Labour Behind The Label, is a group that campaigns for garment workers’ rights worldwide and has been tracking the response of brands during the Covid crisis. Their research revealed that high street brands including Arcadia, ASOS, Primark and M&S initially cancelled their orders with suppliers due to the drop in demand – many after they’d been made, and in some cases, shipped- adding further pressure onto the livelihoods of workers. Other suppliers were asked to give discounts on their orders, meaning they were forced to produce clothes for free.
After external pressure, the majority of brands decided to pay for the orders in full.
Meanwhile, although some employees were put on furlough in the UK, the scheme doesn’t exist in many producing countries.
At best, the government has put in minimum requirements for getting paid, but often it’s only up to 50% of their wages, and when someone is already earning a poverty wage, it’s near impossible to survive on so little money. At worst, employees lost their jobs altogether.
In a more horrifying twist, lockdown witnessed the discovery that online retailers Boohoo were putting their employees at risk of Covid-19 by working with factories in Leicester that continued to operate during the pandemic, with no social distancing measures in place, no provision of PPE and no sanitising stations available to employees.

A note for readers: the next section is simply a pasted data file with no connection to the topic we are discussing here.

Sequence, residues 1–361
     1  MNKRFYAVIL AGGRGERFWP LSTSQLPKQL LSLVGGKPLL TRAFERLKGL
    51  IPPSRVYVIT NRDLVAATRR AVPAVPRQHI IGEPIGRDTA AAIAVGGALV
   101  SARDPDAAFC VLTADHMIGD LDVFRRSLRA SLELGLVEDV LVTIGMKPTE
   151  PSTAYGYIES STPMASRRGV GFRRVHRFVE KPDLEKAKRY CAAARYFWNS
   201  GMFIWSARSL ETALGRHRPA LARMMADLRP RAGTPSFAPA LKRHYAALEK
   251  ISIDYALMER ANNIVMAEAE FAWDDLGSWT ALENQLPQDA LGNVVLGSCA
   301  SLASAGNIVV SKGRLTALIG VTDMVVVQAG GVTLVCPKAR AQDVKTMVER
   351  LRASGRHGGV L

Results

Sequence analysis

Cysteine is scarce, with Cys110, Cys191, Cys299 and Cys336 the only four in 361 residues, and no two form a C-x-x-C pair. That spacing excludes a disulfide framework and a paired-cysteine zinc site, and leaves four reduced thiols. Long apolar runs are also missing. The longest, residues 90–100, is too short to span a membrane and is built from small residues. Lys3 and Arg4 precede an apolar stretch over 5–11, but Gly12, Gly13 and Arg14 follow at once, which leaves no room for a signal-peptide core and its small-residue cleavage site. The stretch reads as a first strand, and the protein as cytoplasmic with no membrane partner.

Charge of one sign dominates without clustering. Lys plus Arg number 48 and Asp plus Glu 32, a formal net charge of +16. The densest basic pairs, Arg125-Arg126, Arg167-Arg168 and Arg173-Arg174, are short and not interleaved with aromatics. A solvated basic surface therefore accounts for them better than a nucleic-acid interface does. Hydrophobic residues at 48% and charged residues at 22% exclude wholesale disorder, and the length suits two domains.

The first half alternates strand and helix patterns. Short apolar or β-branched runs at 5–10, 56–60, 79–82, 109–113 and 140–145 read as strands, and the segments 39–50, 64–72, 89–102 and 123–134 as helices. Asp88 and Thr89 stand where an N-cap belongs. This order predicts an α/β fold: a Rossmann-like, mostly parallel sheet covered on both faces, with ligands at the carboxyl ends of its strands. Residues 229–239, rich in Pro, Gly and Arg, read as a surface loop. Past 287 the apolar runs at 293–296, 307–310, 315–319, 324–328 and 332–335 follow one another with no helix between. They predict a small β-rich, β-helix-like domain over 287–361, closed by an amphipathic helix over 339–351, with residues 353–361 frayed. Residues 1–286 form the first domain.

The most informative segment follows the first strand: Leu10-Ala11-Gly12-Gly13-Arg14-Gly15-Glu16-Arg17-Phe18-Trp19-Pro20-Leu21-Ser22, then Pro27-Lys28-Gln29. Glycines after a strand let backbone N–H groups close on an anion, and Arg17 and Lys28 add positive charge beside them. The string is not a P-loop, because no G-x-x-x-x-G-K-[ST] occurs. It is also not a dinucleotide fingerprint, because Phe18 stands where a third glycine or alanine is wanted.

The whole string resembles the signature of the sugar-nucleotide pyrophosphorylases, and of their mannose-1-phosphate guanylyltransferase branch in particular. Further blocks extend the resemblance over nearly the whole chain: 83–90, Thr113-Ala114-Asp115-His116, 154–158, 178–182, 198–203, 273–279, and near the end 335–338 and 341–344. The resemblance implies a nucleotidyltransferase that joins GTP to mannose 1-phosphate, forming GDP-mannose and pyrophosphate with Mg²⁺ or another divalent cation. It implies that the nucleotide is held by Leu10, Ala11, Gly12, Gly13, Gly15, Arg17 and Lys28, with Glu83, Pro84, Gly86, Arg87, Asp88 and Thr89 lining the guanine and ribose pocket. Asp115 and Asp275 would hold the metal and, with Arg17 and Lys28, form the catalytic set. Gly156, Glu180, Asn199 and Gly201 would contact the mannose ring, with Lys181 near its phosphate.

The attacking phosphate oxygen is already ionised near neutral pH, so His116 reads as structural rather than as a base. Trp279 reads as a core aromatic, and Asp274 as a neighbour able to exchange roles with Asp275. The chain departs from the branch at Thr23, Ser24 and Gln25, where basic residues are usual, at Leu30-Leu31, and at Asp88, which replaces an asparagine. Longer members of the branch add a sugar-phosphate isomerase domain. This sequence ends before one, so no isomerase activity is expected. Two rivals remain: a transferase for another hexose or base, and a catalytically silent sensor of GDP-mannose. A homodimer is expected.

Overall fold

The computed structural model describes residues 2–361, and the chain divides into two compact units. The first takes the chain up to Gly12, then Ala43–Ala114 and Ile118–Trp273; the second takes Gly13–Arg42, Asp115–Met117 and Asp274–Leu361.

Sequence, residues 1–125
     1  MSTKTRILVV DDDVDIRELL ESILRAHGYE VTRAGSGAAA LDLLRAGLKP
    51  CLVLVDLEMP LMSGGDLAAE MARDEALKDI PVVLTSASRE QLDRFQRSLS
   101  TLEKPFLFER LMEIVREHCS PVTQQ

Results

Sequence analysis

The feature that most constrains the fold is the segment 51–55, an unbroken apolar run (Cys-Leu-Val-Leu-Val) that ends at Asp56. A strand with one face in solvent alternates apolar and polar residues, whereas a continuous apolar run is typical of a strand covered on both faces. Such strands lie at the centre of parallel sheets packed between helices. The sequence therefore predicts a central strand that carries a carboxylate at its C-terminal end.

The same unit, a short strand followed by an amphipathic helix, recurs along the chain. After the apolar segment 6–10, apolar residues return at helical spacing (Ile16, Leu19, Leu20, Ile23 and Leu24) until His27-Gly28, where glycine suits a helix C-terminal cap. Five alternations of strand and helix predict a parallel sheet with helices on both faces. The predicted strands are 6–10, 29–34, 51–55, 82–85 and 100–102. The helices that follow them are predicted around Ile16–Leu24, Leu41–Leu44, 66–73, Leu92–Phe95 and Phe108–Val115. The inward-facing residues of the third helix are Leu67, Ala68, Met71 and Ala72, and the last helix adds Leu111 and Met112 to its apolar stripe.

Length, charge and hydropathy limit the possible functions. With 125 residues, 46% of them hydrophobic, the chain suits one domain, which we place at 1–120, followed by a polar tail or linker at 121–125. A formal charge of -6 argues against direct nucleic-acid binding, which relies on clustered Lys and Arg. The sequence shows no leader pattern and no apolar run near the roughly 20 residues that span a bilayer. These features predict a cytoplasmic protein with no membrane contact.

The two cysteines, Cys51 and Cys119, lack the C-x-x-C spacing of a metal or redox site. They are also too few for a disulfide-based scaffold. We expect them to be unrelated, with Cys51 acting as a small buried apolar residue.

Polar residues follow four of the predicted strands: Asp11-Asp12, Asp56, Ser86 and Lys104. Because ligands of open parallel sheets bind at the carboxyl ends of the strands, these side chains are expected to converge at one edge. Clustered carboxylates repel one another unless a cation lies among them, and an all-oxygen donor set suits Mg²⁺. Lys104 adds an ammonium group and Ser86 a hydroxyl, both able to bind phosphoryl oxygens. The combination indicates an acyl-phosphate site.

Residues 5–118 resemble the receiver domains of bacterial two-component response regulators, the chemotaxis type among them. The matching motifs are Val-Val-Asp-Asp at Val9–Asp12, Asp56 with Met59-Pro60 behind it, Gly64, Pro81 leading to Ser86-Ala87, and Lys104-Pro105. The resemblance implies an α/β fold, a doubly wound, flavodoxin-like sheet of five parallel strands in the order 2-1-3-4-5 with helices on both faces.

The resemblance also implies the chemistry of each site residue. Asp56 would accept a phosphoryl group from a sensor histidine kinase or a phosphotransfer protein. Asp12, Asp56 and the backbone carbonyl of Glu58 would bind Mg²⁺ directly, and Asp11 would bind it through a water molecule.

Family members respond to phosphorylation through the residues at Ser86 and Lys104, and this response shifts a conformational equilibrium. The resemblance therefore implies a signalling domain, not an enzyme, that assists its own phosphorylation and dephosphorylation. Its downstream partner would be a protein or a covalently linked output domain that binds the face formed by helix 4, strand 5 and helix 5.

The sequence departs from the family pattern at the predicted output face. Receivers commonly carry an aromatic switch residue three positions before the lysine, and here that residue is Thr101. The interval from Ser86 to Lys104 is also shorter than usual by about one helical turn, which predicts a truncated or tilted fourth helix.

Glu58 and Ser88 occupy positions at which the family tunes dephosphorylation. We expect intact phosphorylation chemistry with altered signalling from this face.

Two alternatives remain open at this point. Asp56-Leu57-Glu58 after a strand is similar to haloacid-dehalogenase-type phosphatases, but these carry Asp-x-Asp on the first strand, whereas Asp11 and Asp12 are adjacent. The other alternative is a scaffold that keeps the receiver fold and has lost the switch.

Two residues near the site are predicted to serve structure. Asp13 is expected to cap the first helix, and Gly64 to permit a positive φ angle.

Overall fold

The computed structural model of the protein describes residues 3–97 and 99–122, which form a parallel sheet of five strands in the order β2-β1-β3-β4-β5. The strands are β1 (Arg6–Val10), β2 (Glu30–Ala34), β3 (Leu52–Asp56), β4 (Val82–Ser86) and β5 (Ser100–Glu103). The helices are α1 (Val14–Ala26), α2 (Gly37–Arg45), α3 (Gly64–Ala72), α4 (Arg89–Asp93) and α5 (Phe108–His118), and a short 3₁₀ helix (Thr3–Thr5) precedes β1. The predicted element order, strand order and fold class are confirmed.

The fashion group, which owns a total of nine brands, including Karen Millen, Nasty Gal, Oasis, Warehouse and PrettyLittleThing – home to the Black Friday controversy – were also accused of modern slavery when it was revealed that these garment workers were being paid as little as £3.50 an hour, despite the minimum wage being £8.72 for those over 25.
According to Dominique Muller, policy director for Labour Behind The Label, such practices are still happening because suppliers are being pressured to fulfil unrealistic orders.
‘They’re essentially told by the clothing companies, “You’ve got to make these goods quickly and if you don’t, we won’t order from you again,” so they agree,’ she explains.
‘The insecurity and price pressure means that they’re more likely to underpay or to take people on short-term contracts to finish an order without a contract, or alternatively pay cash-in-hand.
‘Workers are told, “If you don’t finish the order, then you might as well go home”.’
Muller adds that after the slave labour scandal during lockdown, Labour Behind The Labour did their own calculations into Boohoo’s costings. ‘The prices they pay suppliers to make garments in the UK isn’t enough for them to pay minimum wages, and in some cases, they’re not enough to pay the minimum wage if they were in Pakistan,’ she says.